The temperature controller 130 may incorporate several safety devices to protect the patient from potential injury. If the temperature of the heating element 38 reaches above +104.degree. F. the temperature controller 130 automatically shuts off the power to the heating element 38 and sounds an alarm, made by International Component part number BRP2212L-12-C. The alarm can be programmed to any upper limit and can be reset by the temperature controller 130. The temperature controller 130 can also indicate visually when the temperature of the heating element 38 falls below +98 degree F. or when the temperature is within a programmable target window. The temperature controller 130 will also sound an alarm if the temperature cable 132 becomes disconnected from the temperature controller connector 60 or if the thermistor 122 is at fault and becomes shorted or opened.
There may be different manners for connecting the heating element 38 to the temperature controller 130 and controlling the temperature of the heating element 38 depending on the application. For example, in various medical applications, the temperature of the heating element 38 should be extremely controlled and regulated within +100+/−4 degree F. For individual use, however, the user might desire to control the temperature of the heating element 38 directly and can vary the temperature between +100 and +110 degree F. This latter embodiment will be referred to as the alternate temperature controller 130.
The temperature controller 130 may regulate the temperature of the heating element 38. The temperature controller 130 has a temperature cable 132 which contacts the heating element 38 via the temperature controller connector 60. The temperature controller connector 60 attaches to the heating element 38. In the illustrated temperature controller embodiment, the temperature controller connector 60 comprises heater element wires 126, a thermistor 122, thermistor wires 123, a first heater element contact pad 124, a second heater element contact pad 125, and a first socket 128. The heater element wires 126 are 18 gauge wire. The heater element wire 126 contacts the first heater element contact pad 124 and second heater element contact pad 125. The contact pads 124 and 125 are constructed of copper squares, or may be constructed of other conductive material. In turn, the first heater element contact pad 124 contacts conductive ink 42 and the second heater element contact pad 125 contacts the conductive ink at another location. Adhesive tape, copper rivets, or any other suitable structure may be used to affix the heater element contact pads to the conductive ink pads.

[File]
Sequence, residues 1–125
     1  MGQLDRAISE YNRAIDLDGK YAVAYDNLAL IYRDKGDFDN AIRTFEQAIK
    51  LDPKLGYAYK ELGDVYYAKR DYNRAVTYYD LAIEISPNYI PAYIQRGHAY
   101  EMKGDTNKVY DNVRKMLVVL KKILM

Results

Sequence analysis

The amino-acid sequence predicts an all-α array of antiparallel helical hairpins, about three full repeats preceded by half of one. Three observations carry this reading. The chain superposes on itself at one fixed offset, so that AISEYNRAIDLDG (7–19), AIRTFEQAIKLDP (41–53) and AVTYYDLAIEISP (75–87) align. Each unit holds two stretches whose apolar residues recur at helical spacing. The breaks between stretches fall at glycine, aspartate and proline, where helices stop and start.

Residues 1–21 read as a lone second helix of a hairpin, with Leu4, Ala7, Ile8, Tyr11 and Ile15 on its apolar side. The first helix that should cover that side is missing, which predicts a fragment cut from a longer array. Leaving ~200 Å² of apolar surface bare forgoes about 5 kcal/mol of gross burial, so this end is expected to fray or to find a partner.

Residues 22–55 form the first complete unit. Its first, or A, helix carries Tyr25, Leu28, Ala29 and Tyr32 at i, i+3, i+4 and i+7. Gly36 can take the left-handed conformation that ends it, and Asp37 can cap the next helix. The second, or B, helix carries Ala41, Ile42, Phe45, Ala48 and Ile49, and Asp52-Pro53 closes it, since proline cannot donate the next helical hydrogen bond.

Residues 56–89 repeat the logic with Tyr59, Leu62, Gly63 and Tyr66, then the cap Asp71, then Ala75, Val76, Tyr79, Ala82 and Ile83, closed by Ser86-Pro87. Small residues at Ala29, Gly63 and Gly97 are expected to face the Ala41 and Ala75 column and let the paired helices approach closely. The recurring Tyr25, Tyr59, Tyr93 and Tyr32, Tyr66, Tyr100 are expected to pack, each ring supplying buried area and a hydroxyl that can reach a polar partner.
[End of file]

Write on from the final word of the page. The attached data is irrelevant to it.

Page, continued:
Thermistor wires 123 are soldered to a thermistor 122. Adhesive tape is used to affix the thermistor 122 to the heating element 38. Once the temperature controller connector 60 is affixed to the heating element 38, the temperature controller connector 60 may be attached to the temperature cable 132. In this embodiment, the temperature cable 132 contains a second socket 134 and four wires, two of the wires are heater element wires 126 and the two other wires are thermistor wires 123. When the first socket 128 is affixed to the second socket 134, the temperature controller connector 60 connects to the temperature cable 132. Thus, the power source 16 is connected to the conductive ink 42 and current is allowed to be supplied from the power source 16 to the conductive ink 42 via heating element wires 126. In addition, the temperature controller 130 of
The alternate temperature controller 130, as shown in
The alternate temperature controller 130 does not utilize a thermistor as a feedback for controlling the temperature of the element like the preferred temperature controller 130 does. Instead the user controls the temperature of the heating element 38 by sensing the warmth of the heating element 38 and adjusts a control knob within the alternate temperature controller 130 to achieve the desired comfort. The alternate temperature controller 130 thereby regulates the amount of power supplied by the power source 16 to the conductive ink 42. The alternate temperature controller 130 consists of a solid state switch (MOSFET), a stable timer (NE555), a voltage comparator (LM393), a battery connector, a heating element connector and a control potentiometer with a built in On/Off switch.